I have news for you: Companies do not pay taxes, people do. Look up tax incidence in any basic economics text.

    Dang, then all those cheques I cut need to be reimbursed.

    But I understand your point. My point is that how it is meted out can’t be characterized by a per person fee anymore than the Iraq war can.

  104. Last Lemming says:

    My Biden reference was a bit of humor.

    So was mine.

  105. Steve, re the Biden joke, he would be great on Letterman’s “Great Moments in Presidential Speeches”, but perhaps not as fertile as our current sitting President.

    Seriously, though, there isn’t a single Republican candidate you’d want to take home and meet your mother, except Romney, perhaps. But I still wouldn’t vote for him.

    Clinton is actually less scary to me, but is such a polarizing figure that she becomes hugely problematic in a year that by all rights ought to be a walk in the park for Democrats. Of the two remaining Democrats, she is the most experienced, and I do feel that she would do okay. But true to form, all the candidates are running on three platforms: “The economy, stupid”; “immigration is evil and is destroying our culture”; or “I’m the only one who can save you from islamo-fascism”.

    In the final analysis, every president’s biggest challenges over the last 50 years have been dominated by foreign policy issues. Iraq and the war on terror have gotten all the attention while the Israeli-Palestinian crisis has festered, Putin has taken on tsar-like status in Russia, and China has become our most important trading partner. Not even the Canadians like us all that much.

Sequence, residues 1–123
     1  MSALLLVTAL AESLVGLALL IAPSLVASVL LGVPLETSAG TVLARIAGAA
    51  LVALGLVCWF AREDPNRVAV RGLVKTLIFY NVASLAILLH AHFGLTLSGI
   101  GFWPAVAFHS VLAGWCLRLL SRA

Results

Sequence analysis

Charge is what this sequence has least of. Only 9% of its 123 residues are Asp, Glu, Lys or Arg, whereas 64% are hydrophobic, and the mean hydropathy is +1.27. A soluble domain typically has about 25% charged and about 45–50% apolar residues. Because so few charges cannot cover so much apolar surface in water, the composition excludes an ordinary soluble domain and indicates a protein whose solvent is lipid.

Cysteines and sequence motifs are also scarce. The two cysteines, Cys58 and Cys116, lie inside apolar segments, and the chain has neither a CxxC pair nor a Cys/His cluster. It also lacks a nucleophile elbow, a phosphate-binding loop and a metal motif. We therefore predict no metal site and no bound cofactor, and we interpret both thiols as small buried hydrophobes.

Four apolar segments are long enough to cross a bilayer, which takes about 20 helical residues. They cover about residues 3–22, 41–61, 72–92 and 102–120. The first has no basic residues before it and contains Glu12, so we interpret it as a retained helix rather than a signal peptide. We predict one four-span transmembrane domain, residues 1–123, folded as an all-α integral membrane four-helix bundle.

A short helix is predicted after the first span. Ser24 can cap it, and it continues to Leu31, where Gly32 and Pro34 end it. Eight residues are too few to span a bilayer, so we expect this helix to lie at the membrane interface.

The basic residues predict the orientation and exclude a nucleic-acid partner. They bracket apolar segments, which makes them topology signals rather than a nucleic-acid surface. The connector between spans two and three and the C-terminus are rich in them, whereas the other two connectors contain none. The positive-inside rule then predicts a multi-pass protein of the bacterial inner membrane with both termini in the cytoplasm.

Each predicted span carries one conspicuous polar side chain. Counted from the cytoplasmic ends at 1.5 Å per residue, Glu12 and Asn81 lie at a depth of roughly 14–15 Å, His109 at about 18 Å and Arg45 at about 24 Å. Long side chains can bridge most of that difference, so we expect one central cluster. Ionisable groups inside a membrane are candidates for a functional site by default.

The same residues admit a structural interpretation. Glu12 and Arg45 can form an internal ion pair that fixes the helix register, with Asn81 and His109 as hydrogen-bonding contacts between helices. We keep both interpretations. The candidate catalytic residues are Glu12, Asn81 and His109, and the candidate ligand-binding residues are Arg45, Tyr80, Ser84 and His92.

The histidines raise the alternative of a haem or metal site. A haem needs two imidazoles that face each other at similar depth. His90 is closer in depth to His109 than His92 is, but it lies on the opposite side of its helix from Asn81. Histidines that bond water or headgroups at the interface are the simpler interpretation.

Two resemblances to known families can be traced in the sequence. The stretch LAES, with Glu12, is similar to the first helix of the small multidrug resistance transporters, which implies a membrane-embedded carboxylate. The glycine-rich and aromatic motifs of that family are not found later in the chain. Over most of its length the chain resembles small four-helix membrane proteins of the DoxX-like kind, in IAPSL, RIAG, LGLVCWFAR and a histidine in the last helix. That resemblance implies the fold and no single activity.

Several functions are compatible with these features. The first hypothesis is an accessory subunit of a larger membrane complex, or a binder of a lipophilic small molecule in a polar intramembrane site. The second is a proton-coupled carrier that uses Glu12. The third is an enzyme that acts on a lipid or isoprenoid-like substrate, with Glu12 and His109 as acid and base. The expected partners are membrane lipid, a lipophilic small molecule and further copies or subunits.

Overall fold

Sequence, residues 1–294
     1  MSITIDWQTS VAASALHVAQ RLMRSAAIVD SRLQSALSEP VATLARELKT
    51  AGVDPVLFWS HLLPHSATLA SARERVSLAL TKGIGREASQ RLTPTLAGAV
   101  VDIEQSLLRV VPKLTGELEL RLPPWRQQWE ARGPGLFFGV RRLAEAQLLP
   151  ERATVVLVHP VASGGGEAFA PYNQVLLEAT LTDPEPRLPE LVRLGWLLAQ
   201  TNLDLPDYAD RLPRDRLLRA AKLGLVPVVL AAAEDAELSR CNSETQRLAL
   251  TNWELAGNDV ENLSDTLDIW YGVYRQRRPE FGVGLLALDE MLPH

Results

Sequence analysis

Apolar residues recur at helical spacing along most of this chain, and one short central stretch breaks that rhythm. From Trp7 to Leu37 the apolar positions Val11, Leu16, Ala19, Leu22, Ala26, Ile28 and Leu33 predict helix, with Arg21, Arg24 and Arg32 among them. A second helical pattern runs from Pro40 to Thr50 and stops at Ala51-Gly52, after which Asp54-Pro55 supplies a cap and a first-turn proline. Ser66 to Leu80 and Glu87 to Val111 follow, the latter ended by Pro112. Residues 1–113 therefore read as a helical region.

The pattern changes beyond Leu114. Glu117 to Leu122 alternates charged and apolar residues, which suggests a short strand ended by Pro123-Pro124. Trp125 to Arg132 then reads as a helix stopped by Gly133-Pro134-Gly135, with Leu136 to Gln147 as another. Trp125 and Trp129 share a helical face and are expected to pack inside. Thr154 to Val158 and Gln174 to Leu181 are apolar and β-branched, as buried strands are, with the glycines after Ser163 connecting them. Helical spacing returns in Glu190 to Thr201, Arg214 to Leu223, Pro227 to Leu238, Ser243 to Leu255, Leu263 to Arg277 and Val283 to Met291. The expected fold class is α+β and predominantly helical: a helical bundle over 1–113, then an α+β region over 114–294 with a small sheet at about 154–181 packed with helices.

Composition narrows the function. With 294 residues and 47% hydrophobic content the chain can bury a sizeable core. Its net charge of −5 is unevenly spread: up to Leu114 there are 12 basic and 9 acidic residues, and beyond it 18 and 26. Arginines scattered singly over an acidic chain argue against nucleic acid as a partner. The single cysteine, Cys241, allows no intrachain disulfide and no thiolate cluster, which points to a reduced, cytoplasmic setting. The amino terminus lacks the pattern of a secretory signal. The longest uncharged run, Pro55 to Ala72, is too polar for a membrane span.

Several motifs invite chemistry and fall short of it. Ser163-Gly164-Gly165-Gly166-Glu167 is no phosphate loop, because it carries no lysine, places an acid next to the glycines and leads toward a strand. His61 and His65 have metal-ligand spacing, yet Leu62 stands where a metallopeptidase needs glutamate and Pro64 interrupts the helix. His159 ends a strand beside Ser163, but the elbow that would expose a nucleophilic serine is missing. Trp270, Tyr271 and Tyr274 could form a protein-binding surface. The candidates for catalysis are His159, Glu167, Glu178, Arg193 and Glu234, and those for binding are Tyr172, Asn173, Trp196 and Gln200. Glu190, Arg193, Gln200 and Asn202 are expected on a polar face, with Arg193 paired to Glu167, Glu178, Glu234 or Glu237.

None of the current candidates make me feel warm and fuzzy at this point.

  106. Steve Evans says:


  107. I can’t resist. Here are the lyrics to Randy Newman’s great song, “Political Science” from about 20 years back. Sums up why we are so beloved as a country around the world these days:

    by Randy Newman, from _Sail_Away_

    No one likes us;
    I don’t know why.
    We may not be perfect,
    But heaven knows we try.
    But all around, even our old friends put us down.
    Let’s drop the big one and see what happens.

    We give them money,
    But are they grateful?
    No, they’re spiteful
    And they’re hateful.
    They don’t respect us, so let’s surprise them;
    We’ll drop the big one and pulverize them.

    Now, Asia’s crowded,
    And Europe’s too old.
    Africa’s far too hot,
    And Canada’s too cold.
    And South America stole our name.
    Let’s drop the big one; there’ll be no one left to blame us.

    We’ll save Australia;
    Don’t wanna hurt no kangaroo.
    We’ll build an all-American amusement park there;
    They’ve got surfing, too.

    Well, boom goes London,
    And boom Paris.
    More room for you
    And more room for me.
    And every city the whole world round
    Will just be another American town.
    Oh, how peaceful it’ll be;